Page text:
Maybe it’s because my daughter of 19 has always loved ballet or perhaps it’s because there is so much emotional sway caught up in mothering girls, that I like to think of it as a dance. As a teacher of 9-year-old girls, I’m a witness to the drama and beauty of this dance each year. All too soon those 18 years of having your daughter dancing in step with you fly by, and it’s time for her to step out onto her stage. I hope that some of these thoughts will help you in the mother-daughter relationship dance that you are choreographing right now.

Step 1: Choose the right music

Have you ever found yourself singing the words of a popular song only to realise (with horror) what the words mean? Well if you don’t intentionally choose the right ‘music’ for your mother-daughter dance, you’ll get caught up in the latest popular ‘music’ of the time. By ‘music’ I mean truth. There are so many voices out there crooning cultural or popular truths that if you are not playing God’s truth loudly in your relationships at home, before you know it, the dance will become warped. Psalm 81:13 says “How I wish my people would listen to me!” I find if I don’t wear God’s belt of truth and ask for Holy Spirit’s guidance, I’m easily swayed into moving to cultural and popular rhythms. We first have to tune into our own ‘Holy Spirit music’ and then play it loudly in our homes. Especially in our relationship with our daughters. Loud enough that it causes us to dance in the joy of Jesus truth.

Step 2: Choose the right dance outfits

Girls love dressing up! The most popular drama lesson at our all-girls’ school has always been fantasy dress-up. The question is, what are we wearing for the mother-daughter dance? Self-image has such an impact as girls approach adolescence, and it begins when they are little. However, as girls grow, they often start wearing something referred to as ‘sticky feelings’. Sticky feelings are any emotions that cling to her, and she can’t let go of them. Emotions like stress, anxiety, jealousy, rejection, hurt and disappointment. Girls tend to hold onto these and ‘wear’ them like a mantle. John 10:10 says that “The thief’s purpose is to steal and kill and destroy. My purpose is to give them a rich and satisfying life”. God wants our girls to wear His truth about who they are; not the lies and sticky feelings that they pick up along the way. So tie (God’s truth and commands) on your arms and wear them on your foreheads as a reminder (Deuteronomy 6:8) and show your daughter again and again the importance of dressing correctly for the dance.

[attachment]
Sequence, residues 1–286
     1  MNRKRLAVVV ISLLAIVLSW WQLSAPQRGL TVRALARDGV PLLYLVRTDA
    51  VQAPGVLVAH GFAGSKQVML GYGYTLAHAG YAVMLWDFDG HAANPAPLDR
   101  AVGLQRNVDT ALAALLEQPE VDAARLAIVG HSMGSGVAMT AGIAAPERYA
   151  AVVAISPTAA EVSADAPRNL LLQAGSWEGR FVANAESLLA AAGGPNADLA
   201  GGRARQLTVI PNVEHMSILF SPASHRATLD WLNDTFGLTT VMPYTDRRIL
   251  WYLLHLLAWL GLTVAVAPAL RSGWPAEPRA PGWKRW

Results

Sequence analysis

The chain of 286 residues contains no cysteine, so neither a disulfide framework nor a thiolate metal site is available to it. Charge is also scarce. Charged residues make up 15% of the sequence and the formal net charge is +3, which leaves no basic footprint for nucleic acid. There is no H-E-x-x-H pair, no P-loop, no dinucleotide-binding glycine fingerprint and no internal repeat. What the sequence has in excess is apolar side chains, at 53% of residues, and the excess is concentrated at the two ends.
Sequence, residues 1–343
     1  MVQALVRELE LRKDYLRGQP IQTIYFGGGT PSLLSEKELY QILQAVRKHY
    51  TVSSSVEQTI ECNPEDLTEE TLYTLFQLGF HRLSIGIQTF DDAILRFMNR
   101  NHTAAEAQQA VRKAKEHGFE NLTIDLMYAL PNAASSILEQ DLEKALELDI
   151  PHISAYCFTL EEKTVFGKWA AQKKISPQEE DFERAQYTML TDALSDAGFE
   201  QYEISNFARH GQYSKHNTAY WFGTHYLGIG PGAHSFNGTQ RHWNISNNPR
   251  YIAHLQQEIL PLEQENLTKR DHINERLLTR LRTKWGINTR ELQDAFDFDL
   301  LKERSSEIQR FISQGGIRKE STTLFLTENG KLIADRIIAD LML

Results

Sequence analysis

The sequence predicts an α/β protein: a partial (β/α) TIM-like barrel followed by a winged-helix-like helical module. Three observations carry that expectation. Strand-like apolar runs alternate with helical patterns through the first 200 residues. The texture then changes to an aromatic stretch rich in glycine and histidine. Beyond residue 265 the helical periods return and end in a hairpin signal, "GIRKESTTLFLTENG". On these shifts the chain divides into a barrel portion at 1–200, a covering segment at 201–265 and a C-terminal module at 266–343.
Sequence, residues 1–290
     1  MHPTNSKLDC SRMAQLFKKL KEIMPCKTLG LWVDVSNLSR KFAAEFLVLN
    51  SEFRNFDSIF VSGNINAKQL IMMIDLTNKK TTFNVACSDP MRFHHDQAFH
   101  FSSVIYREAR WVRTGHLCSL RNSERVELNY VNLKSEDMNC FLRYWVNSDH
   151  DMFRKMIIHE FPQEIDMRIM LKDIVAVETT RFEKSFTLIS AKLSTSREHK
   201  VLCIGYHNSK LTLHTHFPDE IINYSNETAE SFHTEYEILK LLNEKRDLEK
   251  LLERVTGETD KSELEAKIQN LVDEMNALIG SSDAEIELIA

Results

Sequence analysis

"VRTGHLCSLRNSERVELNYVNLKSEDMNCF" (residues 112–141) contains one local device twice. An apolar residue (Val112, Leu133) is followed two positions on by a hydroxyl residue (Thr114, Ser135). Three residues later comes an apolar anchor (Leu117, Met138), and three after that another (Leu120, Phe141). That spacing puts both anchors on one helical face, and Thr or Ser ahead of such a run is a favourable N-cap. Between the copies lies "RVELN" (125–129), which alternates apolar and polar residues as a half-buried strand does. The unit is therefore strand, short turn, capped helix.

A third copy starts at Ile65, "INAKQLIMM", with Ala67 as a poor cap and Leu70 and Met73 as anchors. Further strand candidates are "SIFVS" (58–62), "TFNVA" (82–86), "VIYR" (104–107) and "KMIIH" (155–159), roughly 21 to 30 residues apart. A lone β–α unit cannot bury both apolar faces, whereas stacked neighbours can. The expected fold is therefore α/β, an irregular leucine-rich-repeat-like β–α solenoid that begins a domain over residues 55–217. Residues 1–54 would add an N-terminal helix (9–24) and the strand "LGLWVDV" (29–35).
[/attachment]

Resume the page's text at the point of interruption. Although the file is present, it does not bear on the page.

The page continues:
Step 3: Model the steps

We all know that our actions speak louder than words. We can’t choose the music and the outfit we want our daughter to dance to and then use something different ourselves! She watches you ALL-THE-TIME! Even our teenage girls who seem to want to NOT watch you and dance to their rhythm, really are observing. They need your modelling just as much, so don’t stop!

So, show her the dance by:

  • Being there for her as much as possible.
  • Model girl empowerment and confidence in using your God-given gifts.
  • Model reading the Word and talking about your faith.
  • Model laughter, joy and forgiveness.
  • Model how to love and nurture family and friends.
  • Model healthy living by setting boundaries and making time for yourself too.
  • Model a positive body image. (This is a big one for girls – put on that costume and swim with the family no matter how you feel about yourself. She needs to see that there is something more important than a number on a scale or the perfect form)
  • Above all, show her that the dance does not have to be perfect, and we learn from failing as much as succeeding.

Step 4: When she falls, DON’T pick her up

Shew this is a hard one! As she stumbles across obstacles, or because she has listened to the wrong music, it is our instinct to want to pick her up and carry her over things to the right place in the dance. But if we do that, she will not learn how to find her dance or how to become a stronger dancer! Of course, we can be there to help, encourage and soothe but don’t disempower her dance by intervening and taking over. Some practical tips for this are:

  • Listen deeply and reflect her emotions to her without making them your feelings.
  • Keep pointing her back to the truth and light and don’t be manipulated by her sticky feelings!
  • Girls love something referred to as catastrophising and dwelling on the worst possible scenarios (something to do with the size of our worry cortex!) Teach her to distract herself from this with scripture, music, hobbies, nature and outdoors, fun with a friend etc.
  • Earnestly pray for her to get back up and be filled with Holy Spirit strength and truth again!

Step 5: Step back and point her to centre stage

This has been one of the hardest parts of parenting a daughter for me! The letting go. As you watch her spin-off towards her dance and choose her music, you have to trust in the training and ask Holy Spirit to be her music. Of course, you get the pleasure of watching her dance! It’s also time for you to work more on your dance and develop new gifts that might have been sidelined for a while. Give her freedom, allow her the limelight and remember that she will still need your applause and encouragement as she dances on! Ask her to train others as she dances, pray for the right dance partners and give her tips on how to love and nurture the dance of others around her. Hopefully, if she falls, her training will make her look for the truth and light again. Pray it does, listen to your own Holy Spirit music and dance on!

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